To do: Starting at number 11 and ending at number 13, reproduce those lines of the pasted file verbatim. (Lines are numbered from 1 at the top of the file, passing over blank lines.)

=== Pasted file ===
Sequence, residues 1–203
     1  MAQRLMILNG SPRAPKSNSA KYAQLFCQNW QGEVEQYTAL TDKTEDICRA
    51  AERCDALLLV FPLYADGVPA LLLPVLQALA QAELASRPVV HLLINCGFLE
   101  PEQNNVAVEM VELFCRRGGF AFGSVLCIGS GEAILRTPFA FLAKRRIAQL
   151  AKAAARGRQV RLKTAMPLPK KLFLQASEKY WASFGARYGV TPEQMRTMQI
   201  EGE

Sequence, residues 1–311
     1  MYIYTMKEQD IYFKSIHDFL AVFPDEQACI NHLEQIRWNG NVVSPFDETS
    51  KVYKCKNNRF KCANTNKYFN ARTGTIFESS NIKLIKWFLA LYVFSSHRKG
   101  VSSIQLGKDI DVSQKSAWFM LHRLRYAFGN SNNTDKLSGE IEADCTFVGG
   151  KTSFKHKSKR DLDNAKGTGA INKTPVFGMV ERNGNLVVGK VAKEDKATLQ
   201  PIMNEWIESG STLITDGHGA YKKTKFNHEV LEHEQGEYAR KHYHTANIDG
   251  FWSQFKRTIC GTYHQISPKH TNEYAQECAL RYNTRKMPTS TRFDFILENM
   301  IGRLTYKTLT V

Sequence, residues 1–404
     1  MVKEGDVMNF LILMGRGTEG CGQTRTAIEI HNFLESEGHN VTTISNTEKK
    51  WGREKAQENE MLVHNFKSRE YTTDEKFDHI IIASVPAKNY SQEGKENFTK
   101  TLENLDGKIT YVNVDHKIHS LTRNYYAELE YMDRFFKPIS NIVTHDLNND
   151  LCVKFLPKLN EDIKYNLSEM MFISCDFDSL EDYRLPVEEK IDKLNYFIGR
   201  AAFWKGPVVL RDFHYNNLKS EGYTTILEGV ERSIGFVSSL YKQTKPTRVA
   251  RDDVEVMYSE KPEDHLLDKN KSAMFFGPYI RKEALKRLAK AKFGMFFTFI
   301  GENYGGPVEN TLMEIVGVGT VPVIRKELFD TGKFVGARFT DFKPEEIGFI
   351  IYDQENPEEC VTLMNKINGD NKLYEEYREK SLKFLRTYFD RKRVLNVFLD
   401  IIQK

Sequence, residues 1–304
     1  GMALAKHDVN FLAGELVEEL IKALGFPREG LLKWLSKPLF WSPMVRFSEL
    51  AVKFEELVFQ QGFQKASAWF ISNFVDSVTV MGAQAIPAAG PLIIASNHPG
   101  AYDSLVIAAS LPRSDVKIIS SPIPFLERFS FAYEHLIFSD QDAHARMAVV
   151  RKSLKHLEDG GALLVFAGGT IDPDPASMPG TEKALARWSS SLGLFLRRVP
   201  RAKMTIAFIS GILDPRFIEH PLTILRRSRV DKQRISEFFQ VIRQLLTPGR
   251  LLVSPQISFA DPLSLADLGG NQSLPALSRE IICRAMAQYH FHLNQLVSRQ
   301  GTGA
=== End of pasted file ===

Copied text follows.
   151  KTSFKHKSKR DLDNAKGTGA INKTPVFGMV ERNGNLVVGK VAKEDKATLQ
   201  PIMNEWIESG STLITDGHGA YKKTKFNHEV LEHEQGEYAR KHYHTANIDG
   251  FWSQFKRTIC GTYHQISPKH TNEYAQECAL RYNTRKMPTS TRFDFILENM